b. However, the sheer quantity and density of the detail involved might make the project intractable. Maybe novels are best left to humans - but for strictly practical reasons. c. One need not feel obliged to provide an infinite variety of routes: no landscape worth bothering with allows unlimited access. We are all perfectly happy with the Everest massif, which has only two approach routes.

d. And there again, no landscape worthy of the name should deny a ray of hope to the Reinhold Messner within each and every one of us, who wants to ascend via the north face, without oxygen.

e. If narrative is really a process of exploration, rules will help only if we accept at all times that they are derived ex-post-facto. They are "for guidance", they have got to evolve, they cannot be graven on stone tablets.

f. So it follows that narratives (and the way we design them) cannot be dictated by some wise and important person, sitting in state and viewing the "big picture" from a distance. It is necessary to explore the terrain, try different routes, take risks, and trust people. i.e., the old military model of "managing creativity" is no good: with everything specified in advance by some all-knowing supremo who never gets his hands dirty. "Big Picturism" is a big problem in all human endeavours that get beyond a certain size: in industry, academia and politics. For me, one of the great joys of hypermedia is the way it causes the Big Picturists to fall flat on their faces. [17]

g. For me, the "landscape model" explains a lot about people, and our failures to understand each other. We can be sitting in the same physical space, in totally different worlds. You may be "on top of the world"; I may be deep within its deepest chasm, and you wonder why on earth I don't do anything; why I believe I have so few choices. We converse from different landscapes at crossed purposes. Our lingua franca is logic, and we see each other as illogical, mad or intransigent - neither can see where the other is "coming from" - unless we take some trouble to share our worlds. In the modern industrial world of work, we hardly ever do this. In hypermedia work, which depends so much on shared understanding, we have to make that effort, and organise ourselves in ways that make shared understanding easier.

h. If narrative is, to any degree, as fundamental and as fine-grained as I believe it is, then hypermedia is a revolutionary kind of tool and requires a new kind of working culture: one where we get to grips, collectively and consciously, with the "atoms of experience" that make us tick, and with the worlds in each other's heads.


1. William H. Calvin - "The Emergence of Intelligence", Scientific American October 1994. "Language, foresight, musical skills and other hallmarks of intelligence are connected through an underlying facility that enhances rapid movements." The ideas are developed in his latest book, "How brains think" (Basic Books, 1996).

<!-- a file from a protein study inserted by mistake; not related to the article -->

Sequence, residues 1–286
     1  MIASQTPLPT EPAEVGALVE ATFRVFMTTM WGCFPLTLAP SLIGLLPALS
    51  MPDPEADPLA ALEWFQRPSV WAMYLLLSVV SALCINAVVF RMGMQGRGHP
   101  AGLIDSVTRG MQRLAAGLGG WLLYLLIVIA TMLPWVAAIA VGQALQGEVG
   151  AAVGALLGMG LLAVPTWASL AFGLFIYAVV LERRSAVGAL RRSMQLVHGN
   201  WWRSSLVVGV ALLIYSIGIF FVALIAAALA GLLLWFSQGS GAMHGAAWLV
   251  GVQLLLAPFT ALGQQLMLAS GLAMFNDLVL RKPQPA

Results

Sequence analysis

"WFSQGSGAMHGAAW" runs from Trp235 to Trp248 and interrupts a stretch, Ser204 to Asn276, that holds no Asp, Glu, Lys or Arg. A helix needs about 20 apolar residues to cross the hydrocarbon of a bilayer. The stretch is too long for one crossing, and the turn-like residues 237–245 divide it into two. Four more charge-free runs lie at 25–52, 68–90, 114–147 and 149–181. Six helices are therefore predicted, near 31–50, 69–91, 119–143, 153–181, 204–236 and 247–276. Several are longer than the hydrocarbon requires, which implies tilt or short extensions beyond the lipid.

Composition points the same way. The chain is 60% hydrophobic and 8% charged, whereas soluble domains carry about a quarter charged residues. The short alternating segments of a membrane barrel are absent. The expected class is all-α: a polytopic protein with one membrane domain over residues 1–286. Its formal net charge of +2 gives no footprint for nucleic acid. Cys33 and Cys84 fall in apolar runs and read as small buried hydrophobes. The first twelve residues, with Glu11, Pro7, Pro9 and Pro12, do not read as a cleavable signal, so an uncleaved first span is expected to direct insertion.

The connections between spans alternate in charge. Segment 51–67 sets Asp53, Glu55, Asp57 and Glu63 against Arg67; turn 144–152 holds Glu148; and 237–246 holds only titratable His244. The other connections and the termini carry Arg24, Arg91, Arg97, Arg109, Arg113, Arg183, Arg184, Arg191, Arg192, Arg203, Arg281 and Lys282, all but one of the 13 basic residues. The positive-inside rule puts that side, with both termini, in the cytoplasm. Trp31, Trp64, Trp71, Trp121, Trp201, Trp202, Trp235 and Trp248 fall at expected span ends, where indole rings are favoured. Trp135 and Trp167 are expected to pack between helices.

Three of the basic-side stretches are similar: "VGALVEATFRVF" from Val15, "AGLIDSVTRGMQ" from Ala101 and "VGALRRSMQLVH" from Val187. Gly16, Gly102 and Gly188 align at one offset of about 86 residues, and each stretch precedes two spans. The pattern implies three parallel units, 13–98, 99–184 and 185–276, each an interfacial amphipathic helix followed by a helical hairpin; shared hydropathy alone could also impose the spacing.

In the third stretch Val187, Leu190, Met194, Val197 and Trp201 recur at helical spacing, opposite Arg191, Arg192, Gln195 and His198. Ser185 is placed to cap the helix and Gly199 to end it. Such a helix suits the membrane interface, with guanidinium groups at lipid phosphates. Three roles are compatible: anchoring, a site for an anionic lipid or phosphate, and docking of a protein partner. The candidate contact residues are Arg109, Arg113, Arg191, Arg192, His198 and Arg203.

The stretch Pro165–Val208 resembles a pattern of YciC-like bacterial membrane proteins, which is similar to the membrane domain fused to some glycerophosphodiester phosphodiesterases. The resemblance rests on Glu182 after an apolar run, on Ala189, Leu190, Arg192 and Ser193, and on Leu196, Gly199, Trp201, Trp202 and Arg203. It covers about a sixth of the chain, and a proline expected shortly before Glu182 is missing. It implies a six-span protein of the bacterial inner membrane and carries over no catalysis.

2. Dennett "Consciousness Explained". Penguin 1991.

3. Steven Pinker: "The Language Instinct", Penguin 1994. Pinker does for Noam Chomsky what Richard Dawkins did for Charles Darwin in "The Blind Watchmaker".

4. Miroslav Holub: "The Duration of the Present Moment" (one of a collection of essays that has that as its title). A better source is probably Robert Efron's "The Duration of the Present" (Proceedings of the NY Academy of Science, 1967) - referred to by Dan Dennett in "Consciousness Explained".

5. The source here (given by Pinker) is D. E. Brown, "Human Universals" - McGraw-Hill 1991.

6. Scott R. Turner: "The Creative Process - a computer model of storytelling" Laurence Erlbaum 1994. ISBN 0-8058-1576-7.

7. Vladimir Yakovlevich Propp: "Morphology of the Folktale", Leningrad 1927. English translation Bloomington, 1958.

8. I cover the work and ideas of Aleen Stein and Curtis Wong in "Dust or Magic" (Addison-Wesley, 2000).

9. The Art of Memory, Frances M. Yates. Penguin 1969 - also "The memory palace of Matteo Ricci" - Jonathan Spence, Viking 1984.

10. "Computers as Theatre": Brenda Laurel - 1991, Addison-Wesley. Freytag's work is "Technique of the Drama", 1863.

11. Journal of Consciousness Studies, Vol 4, Issue 1. 1997.

12. Scientific American, June 1994.

13. "Can people think" by Nicolaas de Bruijn - Journal of Consciousness Studies Vol 3 Issue 5/6, 1996.

14. "Narrative Computer Systems: The Dialectics of Emotion and Formalism", Peter Bogh Andersen and Berit Holmqvist. Published in "Computers and Writing - State of the Art" (ed Holt and Williams) Intellect Books, Oxford 1992. ISBN 1-871516-20-X

15. Presentation at the National Gallery in 1993 - sorry, no reference but he's pretty famous. Search for him on the Web. He's probably "".

16. Uzilevsky is a mystery. I have one short, badly-translated paper of his from an HCI conference in Moscow in 1992 - and I can't find it at the moment. Any info welcomed.

17. For a harrowing example, see Fred Moody: "I Sing The Body Electronic - A Year With Microsoft On The Multimedia Frontier" Viking Penguin 1995.

Bob Hughes © April 1997. (bob at dustormagic dot net)